epochs = Epochs(
            raw=raw,
            events=events_from_annot,
            on_missing='warn',
            tmin=time_window_min,
            tmax=time_window_max,
            baseline=(None, None),
            event_repeated='drop',
            preload=True,
            picks=channel_picks,
            reject_by_annotation=True  # exclude Epochs fully/partially overlapping with 'bad'-labelled data spans
        )

        labels.extend(epochs.events[:, -1])
        samples.extend(epochs.get_data())

    labels = torch.tensor(data=np.array(labels), dtype=torch.int64)
    samples = torch.tensor(data=np.array(samples), dtype=torch.float32)

    return labels, samples



And only for the completeness the LoadingStrategy:

from typing import Protocol, Iterable
from pathlib import Path
from mne.io import Raw, read_raw_gdf


class LoadingStrategy(Protocol):
    def __call__(self, path_to_files: Iterable[Path]) -> list[Raw]:
        ...


class GDFLoadingStrategy:
    def __call__(self, path_to_files: Iterable[Path]) -> list[Raw]:
        return [read_raw_gdf(str(filepath)) for filepath in path_to_files]

This is basically the only part I expect to change in the scope of that educational project. So I decided to go with a strategy pattern that can be extended for any of the many possible data formats.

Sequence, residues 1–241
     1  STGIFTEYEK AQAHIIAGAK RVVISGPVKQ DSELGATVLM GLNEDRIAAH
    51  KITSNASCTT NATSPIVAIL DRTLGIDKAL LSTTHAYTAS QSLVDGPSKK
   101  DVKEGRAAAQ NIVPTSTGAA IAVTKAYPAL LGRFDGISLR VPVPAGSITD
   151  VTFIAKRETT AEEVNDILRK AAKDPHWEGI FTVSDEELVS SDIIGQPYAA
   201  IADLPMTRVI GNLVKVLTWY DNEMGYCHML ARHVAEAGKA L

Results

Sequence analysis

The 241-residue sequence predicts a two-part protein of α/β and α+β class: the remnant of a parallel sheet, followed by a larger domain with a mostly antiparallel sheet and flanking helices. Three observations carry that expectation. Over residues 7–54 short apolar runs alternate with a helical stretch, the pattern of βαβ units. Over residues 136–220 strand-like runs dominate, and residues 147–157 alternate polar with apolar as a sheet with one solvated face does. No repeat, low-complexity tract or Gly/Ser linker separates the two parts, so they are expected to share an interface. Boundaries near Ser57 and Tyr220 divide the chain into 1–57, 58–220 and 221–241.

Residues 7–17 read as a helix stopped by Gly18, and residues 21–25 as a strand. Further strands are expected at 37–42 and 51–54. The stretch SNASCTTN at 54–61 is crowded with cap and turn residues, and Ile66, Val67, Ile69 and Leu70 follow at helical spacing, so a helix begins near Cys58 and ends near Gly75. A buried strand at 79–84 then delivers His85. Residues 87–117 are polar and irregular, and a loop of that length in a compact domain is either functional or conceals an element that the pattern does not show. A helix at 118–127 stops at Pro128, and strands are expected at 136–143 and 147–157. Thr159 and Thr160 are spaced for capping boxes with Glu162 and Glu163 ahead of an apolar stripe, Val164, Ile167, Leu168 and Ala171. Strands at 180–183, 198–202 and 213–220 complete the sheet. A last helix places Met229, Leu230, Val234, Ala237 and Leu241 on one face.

Problem / Question
In several lectures I have now heard that coupling is a bad thing and should be avoided as much as possible. If I recognize it correctly, I must admit that my DatasetFactory is strongly coupled with the creation of mne.io.Raw and mne.Epochs and a number of different functions from this library as well. Thinking in terms of tests for example it seems quite obvious that I will have a hard time testing without having real data to load.

This brings me to my question:
How could I decouple a library if I need a lot of logic from it? Should I really create e.g. Protocols that mimic the mne.io.Raw and mne.Epochs classes and use them instead of the mne ones? It would certainly make mocking and thus testing easier, but it seems like a lot of work relative to the benefits.

Thanks for any help!

Julian

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    "I have now heard that coupling is a bad thing and should be avoided as much as possible." - that's your misunderstanding. Here is a better statement: coupling (to a library) should be avoided in case you expect the life time of your application to be a lot longer than the life time of the library.
    – Doc Brown
    Jan 25, 2023 at 7:37
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    "as much as possible" and not more.
    – gnasher729
    Jan 25, 2023 at 12:17

2 Answers 2

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heard that coupling is a bad thing and should be avoided as much as possible

I think this is overly dogmatic.

In some cases it makes more sense to just accept the tight coupling. This is especially true if you are writing code that is not expected to live very long.

In other cases you might want to add an abstraction layer. The idea is to create interfaces that represent the required functionality, and implement these using your library.

But a very common problem with this approach is leaky abstractions. There is a good chance your interfaces will be very similar to the library you are trying to decouple from. And this will likely prevent any easy replacement of the library.